There has been no way to predict which patients with complete spinal cord injuries are able to regain partial motor function. Until now.
A recent study explored the possibility that spasticity could be a clue to predicting some types of lost motor recovery. There had long been a theory that the level of spasticity could be a marker that predicts how much motor recovery is possible. The idea was that patients with spasticity show some preservation of descending motor pathways that carry the signal from the brain to muscles and could therefore attain more movement.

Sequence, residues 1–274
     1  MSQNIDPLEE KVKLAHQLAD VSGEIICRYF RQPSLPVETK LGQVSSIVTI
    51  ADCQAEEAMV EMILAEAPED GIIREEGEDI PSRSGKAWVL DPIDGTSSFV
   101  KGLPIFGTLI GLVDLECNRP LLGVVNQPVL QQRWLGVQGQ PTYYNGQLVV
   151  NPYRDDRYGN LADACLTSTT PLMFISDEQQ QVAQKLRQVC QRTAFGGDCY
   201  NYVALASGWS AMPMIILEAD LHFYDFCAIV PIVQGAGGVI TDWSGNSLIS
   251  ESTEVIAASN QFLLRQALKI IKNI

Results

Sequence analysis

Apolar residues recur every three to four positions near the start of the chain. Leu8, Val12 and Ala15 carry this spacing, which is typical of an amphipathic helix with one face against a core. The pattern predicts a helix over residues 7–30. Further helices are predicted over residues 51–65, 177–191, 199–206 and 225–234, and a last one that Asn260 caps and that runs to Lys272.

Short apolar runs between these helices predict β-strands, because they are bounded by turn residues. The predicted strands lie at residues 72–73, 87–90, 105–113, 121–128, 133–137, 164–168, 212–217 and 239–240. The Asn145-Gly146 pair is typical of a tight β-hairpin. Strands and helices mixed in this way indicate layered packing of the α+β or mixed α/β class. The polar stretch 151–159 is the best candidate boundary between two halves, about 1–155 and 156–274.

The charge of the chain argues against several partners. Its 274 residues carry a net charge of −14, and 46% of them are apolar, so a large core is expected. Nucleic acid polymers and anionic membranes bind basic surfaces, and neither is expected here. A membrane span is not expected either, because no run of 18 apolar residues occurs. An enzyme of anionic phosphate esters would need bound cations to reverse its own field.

Researchers did find that there is a link between spasticity and positive recovery outcomes after complete spinal cord injuries. Recognizing that spasticity indicates the chance of good progress can help tailor rehabilitation programs to the individual patient.
By contrast, individuals with incomplete spinal cord injuries showed a different pattern and often a more difficult motor recovery. That’s because incomplete injuries may be multifaceted, involving a combination of neural plasticity, individual differences, and the specific nature and location of the incomplete injury. Unlike complete injuries, where the loss of voluntary motor control is more uniform, incomplete injuries present a spectrum of functional impairment, making prediction and rehabilitation more intricate and challenging.
To read the complete report in The Annals of Neurology click here.